Insulin receptor substrates are essential for the bioenergetic and hypertrophic response of the heart to exercise training

Christian Riehle, Adam R. Wende, Yi Zhu, Karen J. Oliveira, Renata O. Pereira, Bharat P. Jaishy, Jack Bevins, Steven Valdez, Junghyun Noh, Bum Jun Kim, Annie Bello Moreira, Eric T. Weatherford, Rajkumar Manivel, Tenley A. Rawlings, Monika Rech, Morris F. White, E. Dale Abel

Research output: Contribution to journalArticlepeer-review

75 Scopus citations


Insulin and insulin-like growth factor 1 (IGF-1) receptor signaling pathways differentially modulate cardiac growth under resting conditions and following exercise training. These effects are mediated by insulin receptor substrate 1 (IRS1) and IRS2, which also differentially regulate resting cardiac mass. To determine the role of IRS isoforms in mediating the hypertrophic and metabolic adaptations of the heart to exercise training, we subjected mice with cardiomyocyte-specific deletion of either IRS1 (CIRS1 knockout [CIRS1KO] mice) or IRS2 (CIRS2KO mice) to swim training. CIRS1KO hearts were reduced in size under basal conditions, whereas CIRS2KO hearts exhibited hypertrophy. Following exercise swim training in CIRS1KO and CIRS2KO hearts, the hypertrophic response was equivalently attenuated, phosphoinositol 3-kinase (PI3K) activation was blunted, and prohypertrophic signaling intermediates, such as Akt and glycogen synthase kinase 3β (GSK3β), were dephosphorylated potentially on the basis of reduced Janus kinase-mediated inhibition of protein phosphatase 2a (PP2A). Exercise training increased peroxisome proliferator-activated receptor gamma coactivator 1-alpha (PGC-1α) protein content, mitochondrial capacity, fatty acid oxidation, and glycogen synthesis in wild-type (WT) controls but not in IRS1- and IRS2-deficient hearts. PGC-1α protein content remained unchanged in CIRS1KO but decreased in CIRS2KO hearts. These results indicate that although IRS isoforms play divergent roles in the developmental regulation of cardiac size, these isoforms exhibit nonredundant roles in mediating the hypertrophic and metabolic response of the heart to exercise.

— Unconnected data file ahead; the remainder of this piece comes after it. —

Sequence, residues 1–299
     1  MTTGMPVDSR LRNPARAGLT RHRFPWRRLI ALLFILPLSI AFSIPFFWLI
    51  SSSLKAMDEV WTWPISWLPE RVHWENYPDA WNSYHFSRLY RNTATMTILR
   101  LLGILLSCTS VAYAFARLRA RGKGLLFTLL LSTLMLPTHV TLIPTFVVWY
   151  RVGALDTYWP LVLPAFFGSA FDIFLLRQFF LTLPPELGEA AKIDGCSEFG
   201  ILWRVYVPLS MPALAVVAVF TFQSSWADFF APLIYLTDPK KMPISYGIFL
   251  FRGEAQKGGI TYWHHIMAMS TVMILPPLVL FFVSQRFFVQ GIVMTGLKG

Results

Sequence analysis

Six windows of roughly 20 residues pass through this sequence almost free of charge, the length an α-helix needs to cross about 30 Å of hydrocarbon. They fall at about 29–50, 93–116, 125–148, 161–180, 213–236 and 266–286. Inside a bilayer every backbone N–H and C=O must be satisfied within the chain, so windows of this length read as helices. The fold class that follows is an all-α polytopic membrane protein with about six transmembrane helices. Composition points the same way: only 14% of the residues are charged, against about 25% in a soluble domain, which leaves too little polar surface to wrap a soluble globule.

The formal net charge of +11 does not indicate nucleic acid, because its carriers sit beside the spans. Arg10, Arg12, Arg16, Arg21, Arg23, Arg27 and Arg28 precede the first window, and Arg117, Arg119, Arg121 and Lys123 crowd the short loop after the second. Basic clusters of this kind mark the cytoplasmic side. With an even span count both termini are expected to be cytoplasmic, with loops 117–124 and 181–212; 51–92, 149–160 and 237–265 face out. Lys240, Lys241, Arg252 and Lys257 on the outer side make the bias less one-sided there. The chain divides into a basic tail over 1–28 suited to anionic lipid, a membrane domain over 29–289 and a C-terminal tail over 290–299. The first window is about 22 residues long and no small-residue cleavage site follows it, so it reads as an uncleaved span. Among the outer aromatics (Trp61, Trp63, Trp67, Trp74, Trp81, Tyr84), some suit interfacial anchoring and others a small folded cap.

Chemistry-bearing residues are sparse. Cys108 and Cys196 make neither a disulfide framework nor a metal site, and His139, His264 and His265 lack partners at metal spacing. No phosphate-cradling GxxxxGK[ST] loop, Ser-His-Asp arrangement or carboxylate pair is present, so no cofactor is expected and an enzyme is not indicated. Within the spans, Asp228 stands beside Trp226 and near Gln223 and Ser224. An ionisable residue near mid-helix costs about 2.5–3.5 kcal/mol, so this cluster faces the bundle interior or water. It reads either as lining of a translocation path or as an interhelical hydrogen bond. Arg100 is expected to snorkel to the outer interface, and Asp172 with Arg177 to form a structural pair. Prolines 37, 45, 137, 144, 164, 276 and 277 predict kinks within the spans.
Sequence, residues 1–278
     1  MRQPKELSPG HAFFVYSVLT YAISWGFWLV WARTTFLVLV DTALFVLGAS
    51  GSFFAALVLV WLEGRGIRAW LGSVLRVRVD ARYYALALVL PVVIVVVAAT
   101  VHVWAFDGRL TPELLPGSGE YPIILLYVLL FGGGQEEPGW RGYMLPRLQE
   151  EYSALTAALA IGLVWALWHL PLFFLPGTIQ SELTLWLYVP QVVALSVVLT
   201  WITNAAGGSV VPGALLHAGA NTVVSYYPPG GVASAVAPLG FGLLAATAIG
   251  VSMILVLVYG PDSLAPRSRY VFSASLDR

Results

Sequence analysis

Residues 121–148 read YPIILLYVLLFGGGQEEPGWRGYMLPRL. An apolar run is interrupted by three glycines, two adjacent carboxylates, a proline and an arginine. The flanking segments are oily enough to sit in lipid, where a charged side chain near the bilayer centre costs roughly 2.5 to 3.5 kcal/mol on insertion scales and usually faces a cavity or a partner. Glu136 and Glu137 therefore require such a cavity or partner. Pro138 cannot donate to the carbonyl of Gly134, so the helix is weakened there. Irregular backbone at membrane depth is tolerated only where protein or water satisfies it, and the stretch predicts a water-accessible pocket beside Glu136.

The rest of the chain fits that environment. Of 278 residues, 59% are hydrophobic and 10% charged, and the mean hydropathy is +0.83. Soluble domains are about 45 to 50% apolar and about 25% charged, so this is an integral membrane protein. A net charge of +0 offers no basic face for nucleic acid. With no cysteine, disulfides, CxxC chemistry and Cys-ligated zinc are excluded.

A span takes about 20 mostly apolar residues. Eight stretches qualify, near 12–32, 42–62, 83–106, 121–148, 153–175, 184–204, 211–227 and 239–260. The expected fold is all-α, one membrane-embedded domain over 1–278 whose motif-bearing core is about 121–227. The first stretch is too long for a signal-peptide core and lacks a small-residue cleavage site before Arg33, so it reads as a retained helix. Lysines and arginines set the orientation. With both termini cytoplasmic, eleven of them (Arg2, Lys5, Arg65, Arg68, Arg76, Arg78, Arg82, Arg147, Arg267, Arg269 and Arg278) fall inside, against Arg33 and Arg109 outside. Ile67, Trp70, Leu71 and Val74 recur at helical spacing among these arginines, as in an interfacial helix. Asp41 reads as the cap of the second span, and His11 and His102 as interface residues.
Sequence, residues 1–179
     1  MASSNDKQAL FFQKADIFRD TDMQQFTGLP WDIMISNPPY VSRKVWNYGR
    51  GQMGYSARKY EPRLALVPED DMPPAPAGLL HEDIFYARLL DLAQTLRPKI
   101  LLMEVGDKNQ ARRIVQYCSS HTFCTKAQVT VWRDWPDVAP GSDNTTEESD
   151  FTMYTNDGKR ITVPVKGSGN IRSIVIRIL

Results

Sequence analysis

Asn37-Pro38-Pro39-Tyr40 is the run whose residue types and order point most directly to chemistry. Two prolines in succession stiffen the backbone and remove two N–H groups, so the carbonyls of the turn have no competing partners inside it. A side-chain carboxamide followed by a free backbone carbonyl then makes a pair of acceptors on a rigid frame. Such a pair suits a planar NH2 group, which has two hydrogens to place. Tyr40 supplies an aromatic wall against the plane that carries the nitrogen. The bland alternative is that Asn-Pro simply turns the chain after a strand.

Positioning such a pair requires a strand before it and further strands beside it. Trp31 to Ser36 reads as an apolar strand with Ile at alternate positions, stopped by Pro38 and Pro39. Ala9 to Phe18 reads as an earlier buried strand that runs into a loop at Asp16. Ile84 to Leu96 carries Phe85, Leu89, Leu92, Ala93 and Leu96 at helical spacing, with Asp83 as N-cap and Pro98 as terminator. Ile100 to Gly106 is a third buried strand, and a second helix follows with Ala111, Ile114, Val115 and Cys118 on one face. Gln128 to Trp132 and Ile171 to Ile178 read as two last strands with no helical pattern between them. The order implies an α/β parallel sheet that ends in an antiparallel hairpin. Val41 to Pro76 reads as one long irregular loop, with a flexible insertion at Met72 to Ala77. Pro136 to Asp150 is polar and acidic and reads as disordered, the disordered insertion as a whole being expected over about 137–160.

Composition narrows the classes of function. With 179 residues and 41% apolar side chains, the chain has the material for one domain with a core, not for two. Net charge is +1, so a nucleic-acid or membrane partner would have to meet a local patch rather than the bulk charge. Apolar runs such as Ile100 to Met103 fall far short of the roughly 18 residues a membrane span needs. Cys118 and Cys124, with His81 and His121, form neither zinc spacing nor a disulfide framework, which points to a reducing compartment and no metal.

Original languageEnglish (US)
Pages (from-to)3450-3460
Number of pages11
JournalMolecular and cellular biology
Issue number18
StatePublished - 2014

ASJC Scopus subject areas

  • Molecular Biology
  • Cell Biology


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